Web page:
and EPA jointly developed and released a health alert in the summer of
1997 that has been widely distributed to schools and other potential
targets of mercury spills.
In July of 1998, ATSDR assembled a panel of 18 experts from the
scientific and medical communities to assist the agency in reviewing key
issues in the areas of toxicology and human heath risk assessment as they
relate to metallic, inorganic, and organic mercury compounds. The
purpose of the meeting was to review all relevant science on mercury and
its compounds, including methylmercury, and to react to ATSDR's
proposed response to comments we received during the public review and
comment period. The meeting of the panel was held as an announced
public meeting. It consisted of scientists from the EPA, FDA, the Centers
for Disease Control and Prevention (CDC), academia, and the private
sector, including the teams of scientists who conducted the human
epidemiological studies in Iraq, the Seychelles, and the Faeroe Islands.
The discussions from this expert panel are being used by ATSDR and
other federal agencies to help form part of the agenda for the November
1998 interagency workshop on mercury.
ATSDR continues to work with other federal agencies to reach a
consensus on mercury issues. The Committee on Environment and
Natural Resources (CENR), Subcommittee on Toxics and Risks,
established a Mercury Working Group in September of 1997 to look at a
number of issues concerning mercury. This workgroup, which includes
representation from ATSDR, EPA, FDA, CDC, NIH, NOAA, USDA, and
the Office of Science and Technology Policy, has already come to a
consensus on a range of issues, and continues to work towards agreement
on all public health issues concerning mercury.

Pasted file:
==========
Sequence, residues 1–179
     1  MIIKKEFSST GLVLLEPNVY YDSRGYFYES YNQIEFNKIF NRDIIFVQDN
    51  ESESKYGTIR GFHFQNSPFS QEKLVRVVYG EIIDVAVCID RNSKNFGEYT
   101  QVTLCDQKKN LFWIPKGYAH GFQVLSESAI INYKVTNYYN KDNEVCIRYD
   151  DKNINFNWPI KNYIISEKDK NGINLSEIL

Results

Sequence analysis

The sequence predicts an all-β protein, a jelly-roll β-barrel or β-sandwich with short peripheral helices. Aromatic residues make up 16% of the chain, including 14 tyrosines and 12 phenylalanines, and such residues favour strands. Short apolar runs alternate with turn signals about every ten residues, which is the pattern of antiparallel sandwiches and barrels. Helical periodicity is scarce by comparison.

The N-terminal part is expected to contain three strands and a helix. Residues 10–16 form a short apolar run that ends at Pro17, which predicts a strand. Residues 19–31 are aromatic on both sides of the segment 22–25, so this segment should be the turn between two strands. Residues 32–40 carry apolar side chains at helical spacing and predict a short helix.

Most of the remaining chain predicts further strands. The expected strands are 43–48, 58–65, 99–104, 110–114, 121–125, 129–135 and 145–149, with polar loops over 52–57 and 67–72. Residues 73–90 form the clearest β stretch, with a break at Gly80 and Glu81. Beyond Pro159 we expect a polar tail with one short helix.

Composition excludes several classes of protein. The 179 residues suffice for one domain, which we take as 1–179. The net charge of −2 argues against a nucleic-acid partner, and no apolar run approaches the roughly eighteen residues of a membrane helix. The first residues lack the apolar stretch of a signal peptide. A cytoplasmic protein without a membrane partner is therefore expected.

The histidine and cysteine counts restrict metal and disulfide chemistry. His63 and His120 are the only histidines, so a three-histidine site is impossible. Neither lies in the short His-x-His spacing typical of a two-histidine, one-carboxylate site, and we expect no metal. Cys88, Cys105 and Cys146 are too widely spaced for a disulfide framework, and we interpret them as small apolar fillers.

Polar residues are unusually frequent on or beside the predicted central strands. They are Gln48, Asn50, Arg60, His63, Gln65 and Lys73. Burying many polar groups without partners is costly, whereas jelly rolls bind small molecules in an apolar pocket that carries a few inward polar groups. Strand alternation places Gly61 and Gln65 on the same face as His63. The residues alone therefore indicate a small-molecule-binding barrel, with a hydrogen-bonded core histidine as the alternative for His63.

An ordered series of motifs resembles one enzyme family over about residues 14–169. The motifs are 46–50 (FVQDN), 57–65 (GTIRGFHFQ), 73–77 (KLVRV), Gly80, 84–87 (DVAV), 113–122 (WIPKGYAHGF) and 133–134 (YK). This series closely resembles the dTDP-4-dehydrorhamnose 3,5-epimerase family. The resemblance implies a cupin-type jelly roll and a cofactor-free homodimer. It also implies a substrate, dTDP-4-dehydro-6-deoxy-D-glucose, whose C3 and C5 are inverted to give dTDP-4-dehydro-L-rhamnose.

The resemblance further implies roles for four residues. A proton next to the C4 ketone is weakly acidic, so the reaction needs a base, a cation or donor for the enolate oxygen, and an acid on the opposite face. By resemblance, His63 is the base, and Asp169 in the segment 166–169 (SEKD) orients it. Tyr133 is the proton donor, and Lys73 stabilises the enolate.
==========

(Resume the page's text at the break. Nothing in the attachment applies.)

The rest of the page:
The CENR Working Group is sponsoring the November 18 20
interagency workshop in Research Triangle Park, North Carolina, to
further elucidate issues regarding methylmercury exposure and public
health. The research teams responsible for the Seychelles and Faeroes
studies, as well as a team conducting similar studies along the Amazon
River basin, will present and discuss their findings at this meeting.
ATSDR considers this meeting to be an important step toward resolving
remaining scientific issues. The meeting will be used by ATSDR to help
bring closure to its toxicological profile on mercury.
A challenge for health officials is to balance the known public health
benefit of consuming more fish in the diet, and the known dangers of
excess mercury exposure. To mitigate adverse health effects of excessive
exposure to mercury, ATSDR supports efforts to reduce or eliminate
exposure to mercury in the environment. Such efforts must be pursued
through pollution prevention strategies, including health education for
both health care providers and the citizens who may be at risk due to high
levels of exposure to not only organic, but also inorganic and metallic
mercury. Throughout the profile revision period, ATSDR has advised the
public that it would be premature to predicate any risk management
decisions on information in a draft document. That needs to await the
sorting out of all relevant issues and the finalization of the profile.
I thank you for this opportunity to present to you some of the conclusions
in ATSDR's Toxicological Profile for Mercury and to discuss our
ongoing efforts to enhance the accuracy and utility of our mercury MRLs,
including the chronic oral MRL for methylmercury.
Mr. Chairman, we would be pleased to answer any questions that you or
subcommittee members may have.